PET image reconstruction methods include modeling of resolution degrading phenomena, often referred to as point-spread function (PSF) reconstruction. The aim of this study was to develop a clinically relevant phantom and characterize the reproducibility and accuracy of high-resolution PSF reconstructed images of small lesions, which is a prerequisite for using PET in the prediction and evaluation of responses to treatment.
Sets of small homogeneous 18F-spheres (range 3–12 mm diameter, relevant for small lesions and lymph nodes) were suspended and covered by a 11C-silicone, which provided a scattering medium and a varying sphere-to-background ratio. Repeated measurements were made on PET/CT scanners from two vendors using a wide range of reconstruction parameters. Recovery coefficients (RCs) were measured for clinically used volume-of-interest definitions.
For non-PSF images, RCs were reproducible and fell monotonically as the sphere diameter decreased, which is the expected behavior. PSF images converged slower and had artifacts: RCs did not fall monotonically as sphere diameters decreased but had a maximum RC for sphere sizes around 8 mm, RCs could be greater than 1, and RCs were less reproducible. To some degree, post-reconstruction filters could suppress PSF artifacts.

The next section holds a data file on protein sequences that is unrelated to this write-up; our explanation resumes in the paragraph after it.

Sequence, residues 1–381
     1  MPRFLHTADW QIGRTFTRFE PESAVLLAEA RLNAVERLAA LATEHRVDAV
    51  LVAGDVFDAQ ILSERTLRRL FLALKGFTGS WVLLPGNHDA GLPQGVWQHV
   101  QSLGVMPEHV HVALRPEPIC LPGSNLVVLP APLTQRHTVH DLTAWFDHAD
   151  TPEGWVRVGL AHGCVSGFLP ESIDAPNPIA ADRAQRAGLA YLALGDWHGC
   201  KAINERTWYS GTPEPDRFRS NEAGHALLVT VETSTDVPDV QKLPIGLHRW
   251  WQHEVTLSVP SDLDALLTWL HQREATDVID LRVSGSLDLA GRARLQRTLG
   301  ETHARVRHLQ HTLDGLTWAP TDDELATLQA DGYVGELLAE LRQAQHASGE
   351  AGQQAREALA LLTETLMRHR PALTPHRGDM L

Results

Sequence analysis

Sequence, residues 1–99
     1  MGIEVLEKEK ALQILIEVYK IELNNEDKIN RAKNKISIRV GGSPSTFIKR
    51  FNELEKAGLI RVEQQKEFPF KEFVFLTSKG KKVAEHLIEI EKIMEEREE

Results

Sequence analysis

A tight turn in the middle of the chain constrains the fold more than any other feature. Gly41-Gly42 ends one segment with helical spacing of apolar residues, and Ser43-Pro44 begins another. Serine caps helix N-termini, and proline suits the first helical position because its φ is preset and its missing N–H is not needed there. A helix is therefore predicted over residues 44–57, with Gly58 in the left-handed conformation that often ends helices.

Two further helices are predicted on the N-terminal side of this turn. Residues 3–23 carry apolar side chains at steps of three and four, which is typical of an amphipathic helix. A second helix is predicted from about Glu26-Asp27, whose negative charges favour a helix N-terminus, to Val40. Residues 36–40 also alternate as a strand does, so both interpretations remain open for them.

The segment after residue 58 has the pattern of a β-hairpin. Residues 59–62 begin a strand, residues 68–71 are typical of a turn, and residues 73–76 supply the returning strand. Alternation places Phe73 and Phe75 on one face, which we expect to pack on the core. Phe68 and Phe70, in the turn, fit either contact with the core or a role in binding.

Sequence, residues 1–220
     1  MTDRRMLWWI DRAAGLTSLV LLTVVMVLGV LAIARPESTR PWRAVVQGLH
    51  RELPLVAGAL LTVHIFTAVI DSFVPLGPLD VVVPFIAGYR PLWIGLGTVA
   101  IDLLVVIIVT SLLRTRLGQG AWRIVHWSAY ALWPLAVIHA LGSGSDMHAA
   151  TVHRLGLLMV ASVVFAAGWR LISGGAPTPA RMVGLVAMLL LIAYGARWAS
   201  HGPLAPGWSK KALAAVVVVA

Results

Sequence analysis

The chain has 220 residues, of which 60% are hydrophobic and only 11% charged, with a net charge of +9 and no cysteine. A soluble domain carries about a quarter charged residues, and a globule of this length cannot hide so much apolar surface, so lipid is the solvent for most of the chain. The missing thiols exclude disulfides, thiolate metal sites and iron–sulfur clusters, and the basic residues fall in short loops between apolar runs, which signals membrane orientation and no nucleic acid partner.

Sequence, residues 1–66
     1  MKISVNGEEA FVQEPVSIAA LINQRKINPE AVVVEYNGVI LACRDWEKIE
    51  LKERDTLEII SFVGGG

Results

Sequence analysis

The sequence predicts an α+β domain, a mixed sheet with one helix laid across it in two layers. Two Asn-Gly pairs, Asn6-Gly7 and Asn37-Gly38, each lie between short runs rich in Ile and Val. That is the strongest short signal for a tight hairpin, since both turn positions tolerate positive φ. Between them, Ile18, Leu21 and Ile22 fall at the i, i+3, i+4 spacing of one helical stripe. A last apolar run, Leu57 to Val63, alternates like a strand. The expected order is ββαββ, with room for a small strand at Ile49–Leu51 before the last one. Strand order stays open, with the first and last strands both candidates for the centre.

High-resolution PSF images of small lesions showed artifacts that could lead to serious misinterpretations when used for monitoring treatment response. Thus, it could be safer to use non-PSF reconstruction for quantitative purposes unless PSF reconstruction parameters are optimized for the specific task.